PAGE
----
It does not come as a surprise that the media has yet again picked up on Oxbridge prioritising wealthy, private school students, although it is refreshing that someone is taking action against the hierarchy.
The latest episode in the long-running series of Oxbridge admissions 'scandals' is one of the more dramatic ones.
What seems obvious to people who went to a school where the closest thing to a tuck shop was the Chicken Spot over the road, is not what they believe over at Britain's top schools. Ask most Wickamists, Etonians or Salopians* and they'll tell you that getting into Oxbridge from a state school is easier than looting trainers in a riot.
Following my Oxford interview, I was adamant that, even if I got an offer, I would turn it down. Being from a state school which had never sent anyone to Oxbridge, the first in my family to apply to university, living in the North of England on a one-parent income, I was sure that it was not going to be my thing.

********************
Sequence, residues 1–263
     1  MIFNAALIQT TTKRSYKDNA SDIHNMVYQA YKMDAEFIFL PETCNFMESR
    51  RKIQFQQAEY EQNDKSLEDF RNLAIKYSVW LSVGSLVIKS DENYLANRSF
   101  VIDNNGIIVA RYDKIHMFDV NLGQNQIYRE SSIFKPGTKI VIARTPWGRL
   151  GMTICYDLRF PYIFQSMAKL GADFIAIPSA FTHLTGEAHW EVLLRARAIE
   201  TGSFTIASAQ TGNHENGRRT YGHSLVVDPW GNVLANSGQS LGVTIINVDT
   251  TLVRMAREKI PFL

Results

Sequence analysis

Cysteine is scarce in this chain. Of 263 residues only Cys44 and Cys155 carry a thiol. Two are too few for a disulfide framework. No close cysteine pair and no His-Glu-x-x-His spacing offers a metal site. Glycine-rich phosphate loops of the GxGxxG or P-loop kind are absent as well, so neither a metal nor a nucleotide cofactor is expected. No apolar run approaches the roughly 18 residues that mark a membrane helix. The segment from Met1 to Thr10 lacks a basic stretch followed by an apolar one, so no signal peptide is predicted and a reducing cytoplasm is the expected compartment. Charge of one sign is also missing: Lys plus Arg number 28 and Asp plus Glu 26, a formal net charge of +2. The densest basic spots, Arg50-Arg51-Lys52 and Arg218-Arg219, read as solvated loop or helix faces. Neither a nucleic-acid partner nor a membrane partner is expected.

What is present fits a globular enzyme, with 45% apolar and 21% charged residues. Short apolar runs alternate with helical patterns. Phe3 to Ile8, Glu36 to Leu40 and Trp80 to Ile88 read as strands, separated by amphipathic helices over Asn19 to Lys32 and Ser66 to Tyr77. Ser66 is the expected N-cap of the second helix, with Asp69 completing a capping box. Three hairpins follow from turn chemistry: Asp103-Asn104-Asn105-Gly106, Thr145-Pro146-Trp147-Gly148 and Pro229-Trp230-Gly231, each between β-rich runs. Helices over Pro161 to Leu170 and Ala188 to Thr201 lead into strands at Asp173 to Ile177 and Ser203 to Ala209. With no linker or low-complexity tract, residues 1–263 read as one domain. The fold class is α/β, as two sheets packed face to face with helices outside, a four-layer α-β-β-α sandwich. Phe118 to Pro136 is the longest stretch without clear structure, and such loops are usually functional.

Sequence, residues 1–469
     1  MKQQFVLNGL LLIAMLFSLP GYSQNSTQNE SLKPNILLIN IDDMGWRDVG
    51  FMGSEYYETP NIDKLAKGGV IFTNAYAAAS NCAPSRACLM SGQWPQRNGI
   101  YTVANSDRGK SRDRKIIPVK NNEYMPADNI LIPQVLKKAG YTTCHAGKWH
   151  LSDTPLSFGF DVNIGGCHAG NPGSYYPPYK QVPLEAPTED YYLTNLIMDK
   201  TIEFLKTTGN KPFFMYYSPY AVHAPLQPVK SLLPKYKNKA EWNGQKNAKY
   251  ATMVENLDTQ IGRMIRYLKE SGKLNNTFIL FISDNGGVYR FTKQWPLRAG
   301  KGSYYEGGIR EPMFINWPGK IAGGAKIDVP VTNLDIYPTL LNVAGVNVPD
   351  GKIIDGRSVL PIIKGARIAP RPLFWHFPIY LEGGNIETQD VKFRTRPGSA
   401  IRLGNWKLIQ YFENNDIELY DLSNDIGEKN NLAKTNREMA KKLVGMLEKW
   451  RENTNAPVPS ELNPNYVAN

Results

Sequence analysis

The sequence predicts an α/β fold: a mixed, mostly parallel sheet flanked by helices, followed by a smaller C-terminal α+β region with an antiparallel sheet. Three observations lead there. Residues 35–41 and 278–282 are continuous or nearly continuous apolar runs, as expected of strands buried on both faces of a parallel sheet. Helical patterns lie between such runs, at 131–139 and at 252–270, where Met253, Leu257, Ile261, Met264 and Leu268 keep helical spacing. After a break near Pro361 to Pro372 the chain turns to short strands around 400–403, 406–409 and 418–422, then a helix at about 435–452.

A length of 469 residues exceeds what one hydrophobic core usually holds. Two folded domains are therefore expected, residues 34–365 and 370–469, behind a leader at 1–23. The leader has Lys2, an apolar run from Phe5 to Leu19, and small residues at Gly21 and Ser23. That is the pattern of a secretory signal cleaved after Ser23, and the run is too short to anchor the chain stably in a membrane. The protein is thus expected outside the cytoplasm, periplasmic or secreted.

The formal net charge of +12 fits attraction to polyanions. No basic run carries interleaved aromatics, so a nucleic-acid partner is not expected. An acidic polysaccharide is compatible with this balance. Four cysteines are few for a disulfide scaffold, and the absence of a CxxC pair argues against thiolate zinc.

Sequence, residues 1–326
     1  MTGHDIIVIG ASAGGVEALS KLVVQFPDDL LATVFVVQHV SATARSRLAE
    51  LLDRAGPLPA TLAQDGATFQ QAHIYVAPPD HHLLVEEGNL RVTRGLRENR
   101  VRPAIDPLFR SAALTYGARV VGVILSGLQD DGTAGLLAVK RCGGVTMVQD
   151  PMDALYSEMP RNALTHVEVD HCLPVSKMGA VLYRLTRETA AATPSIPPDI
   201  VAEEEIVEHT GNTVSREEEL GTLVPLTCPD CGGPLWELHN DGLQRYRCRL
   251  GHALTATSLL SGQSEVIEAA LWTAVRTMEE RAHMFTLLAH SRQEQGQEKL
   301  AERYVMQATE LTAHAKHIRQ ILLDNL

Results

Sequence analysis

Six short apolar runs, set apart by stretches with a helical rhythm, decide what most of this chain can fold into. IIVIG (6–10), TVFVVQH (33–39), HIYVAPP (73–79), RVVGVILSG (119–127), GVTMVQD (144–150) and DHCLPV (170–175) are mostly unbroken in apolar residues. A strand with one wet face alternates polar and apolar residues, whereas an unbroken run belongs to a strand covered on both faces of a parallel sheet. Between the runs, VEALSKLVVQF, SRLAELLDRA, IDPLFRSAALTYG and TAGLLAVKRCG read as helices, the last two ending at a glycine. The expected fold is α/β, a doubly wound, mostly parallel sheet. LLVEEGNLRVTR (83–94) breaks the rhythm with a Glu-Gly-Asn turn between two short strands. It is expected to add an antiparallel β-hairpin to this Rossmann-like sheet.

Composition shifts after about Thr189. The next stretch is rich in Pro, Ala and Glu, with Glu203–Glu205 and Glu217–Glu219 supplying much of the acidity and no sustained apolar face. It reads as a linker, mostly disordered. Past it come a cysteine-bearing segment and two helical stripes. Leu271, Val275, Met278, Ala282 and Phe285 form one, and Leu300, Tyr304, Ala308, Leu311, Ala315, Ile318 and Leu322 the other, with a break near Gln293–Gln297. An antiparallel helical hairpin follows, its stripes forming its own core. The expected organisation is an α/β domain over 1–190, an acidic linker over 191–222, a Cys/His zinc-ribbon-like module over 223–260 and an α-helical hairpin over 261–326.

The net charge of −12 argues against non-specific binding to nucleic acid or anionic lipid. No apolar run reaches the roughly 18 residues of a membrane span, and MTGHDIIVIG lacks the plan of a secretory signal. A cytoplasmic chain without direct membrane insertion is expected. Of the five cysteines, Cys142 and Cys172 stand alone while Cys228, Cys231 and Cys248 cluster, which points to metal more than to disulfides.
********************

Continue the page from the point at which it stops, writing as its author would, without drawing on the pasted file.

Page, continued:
Deciding whom to offer a place to involves a terrifying combination of UCAS forms, personal statements, one of ten different admissions tests, interviews and submitted work - and any institution required to go through this - as well as organise the finances, accommodation and everything else required for a new intake of students - in just three months (and three holiday months at that), is no doubt already fearing for their future.